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Fraud Exprosed Whot you Dont Could Cost your company millions - Joseph W.

Joseph W. Fraud Exprosed Whot you Dont Could Cost your company millions - Wiley Publishing, 2003. - 289 p.
ISBN: 0-471-27475-5
Download (direct link): fraudexposedwhatyoudont2003.pdf
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10.8 percent of respondents believed that the fraud would not have been prevented regardless of the controls in place.26 Again, Leuci’s diagnosis seems to be borne out. A certain small percentage of the population seems to see controls as a challenge to be overcome. In this regard, they appear to be behaving in much the same manner as predicted in Gottfredson and Hirschi’s general theory of crime. Most people, however, seem to respond appropriately to controls, at least insofar as we may reasonably infer from the data available in the report. Also, per the report, the victim organizations seem to learn from their mistakes; 72.8% of respondents reported that the control deficiencies that permitted the fraud to occur in the first place had been addressed.27
I return to my earlier comment about internal controls. Often, they are fine. The organizations that get into trouble either do not have them in any meaningful sense, or more likely, do not enforce them consistently and rigorously. All too often, this is a simple matter of resources. Far too many organizations are penny wise and pound foolish in their approach to internal controls staffing and monitoring, but seem willing to pay the almost inevitable price when problems occur, then bemoan the lack of ethical values in the employee population. As Leuci would probably argue, in an environment where no one ever checks, even the decent are tempted. The dishonest are free to run wild, while the upright are perplexed and frustrated as to why their organization allows this sort of thing to go on. Indeed, a survey co-sponsored by Walker Information and the Hudson Institute of 3,000 employees found that 55 percent of employees stated that the ethical dimensions of their workplace were important to them in terms of their loyalty and willingness to continue working there. On the negative side, only 42 percent said that the ethical or compliance problems were dealt with fairly or completely, only 56 percent said the ethical issues of the organization had been communicated to them effectively, and only one-third advised that they would be comfortable reporting internal misconduct.28
Such findings suggest that employees, whether vocal about it or not, are watching and are sensitive to how their employing organization handles issues of misconduct. Unfortunately, at least some portion of them seem to be saying, “If you don’t take these things seriously, why should I?” If such is the case, problems are sure to follow. As William Boni, the chief information security director of Motorola Information Protection Services, has noted with regard to digital intellectual property; “One of the best ways to help newly hired staff learn how to handle sensitive information is to indoctrinate them before they develop bad habits.”29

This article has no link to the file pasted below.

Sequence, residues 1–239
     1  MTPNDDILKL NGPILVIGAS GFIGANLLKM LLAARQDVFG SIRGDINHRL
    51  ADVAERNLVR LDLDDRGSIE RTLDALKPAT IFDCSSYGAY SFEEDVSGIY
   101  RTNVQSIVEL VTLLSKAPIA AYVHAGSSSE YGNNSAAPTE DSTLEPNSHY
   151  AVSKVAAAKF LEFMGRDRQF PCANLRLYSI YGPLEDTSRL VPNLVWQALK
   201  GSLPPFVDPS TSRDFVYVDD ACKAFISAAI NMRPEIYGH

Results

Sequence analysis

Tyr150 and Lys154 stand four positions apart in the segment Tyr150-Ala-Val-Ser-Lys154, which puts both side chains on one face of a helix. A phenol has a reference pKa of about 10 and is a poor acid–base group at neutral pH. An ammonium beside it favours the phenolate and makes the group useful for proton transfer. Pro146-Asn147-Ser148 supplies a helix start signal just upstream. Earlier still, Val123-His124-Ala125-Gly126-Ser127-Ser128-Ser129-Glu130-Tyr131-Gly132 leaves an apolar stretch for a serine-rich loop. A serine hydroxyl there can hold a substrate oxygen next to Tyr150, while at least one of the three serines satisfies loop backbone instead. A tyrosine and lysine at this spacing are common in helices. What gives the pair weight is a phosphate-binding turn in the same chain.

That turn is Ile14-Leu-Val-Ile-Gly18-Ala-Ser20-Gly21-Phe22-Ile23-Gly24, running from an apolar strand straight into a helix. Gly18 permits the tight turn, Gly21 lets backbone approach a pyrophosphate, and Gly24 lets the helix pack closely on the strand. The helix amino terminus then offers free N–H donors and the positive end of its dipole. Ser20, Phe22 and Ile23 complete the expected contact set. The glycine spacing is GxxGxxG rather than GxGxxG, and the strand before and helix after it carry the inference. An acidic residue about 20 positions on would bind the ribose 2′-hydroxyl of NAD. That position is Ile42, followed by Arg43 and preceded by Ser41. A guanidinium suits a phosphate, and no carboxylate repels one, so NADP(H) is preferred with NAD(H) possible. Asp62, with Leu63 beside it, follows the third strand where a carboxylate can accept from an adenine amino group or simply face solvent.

Some organizations have adopted more proactive approaches, such as performing periodic analyses of vendor, invoice, and other data to determine if there are patterns that may be indicative of employee fraud.30 Such efforts are laudable but can still only detect what has already occurred. In the experience of many forensic practitioners, even these programs are the exception and not the norm in most organizations.
In thinking about controls, we may benefit from envisioning them spatially. In terms of the amount of time and resources put into controls versus other fraud prevention techniques, it might look like the representation in Exhibit 8.1.
Exhibit 8.1 Relative Reliance upon Techniques in Occupational Fraud Prevention
In this case, the base of the pyramid represents the broad spectrum of time, effort, and resources that go into creating, maintaining, and improving traditional controls techniques. This is well and good but may represent more of a problem than we acknowledge at first glance. If the ACFE’s estimates, produced by the cumulative input of its responding members (a sort of Delphi technique), are accurate, then for a five-year period, 1997 through 2002, occupational
fraud seems to be holding steady at about 6 percent of organizational revenue. That this number remains unchanged may be a function of the consistency of the respondents’ estimates, a result of economic conditions, the percentage of the employee population inclined to commit occupational fraud remaining steady, or perhaps the natural limit of what current controls can maintain.
Herein lies an area ripe for further inquiry. The ACFE’s 6 percent figure is a median number, with half of reporting persons having estimates both above and below that figure. It would be intriguing to know the characteristics of the controls in organizations significantly higher and lower than the 6 percent level. Joseph Wells has informed us that smaller organizations seem more prone to occupational fraud, but is this because their controls are also smaller and less robust, or is it a function of size and trust? In either event, there are probably a number of bewildering amalgamations of controls profiles: old controls in place for many years; old controls recently updated; new controls yet to be fully ingrained into the organization’s operational schema; good controls administered with adequate staffing and resources; good controls with inadequate operational support behind them; or many other combinations of controls and resources.
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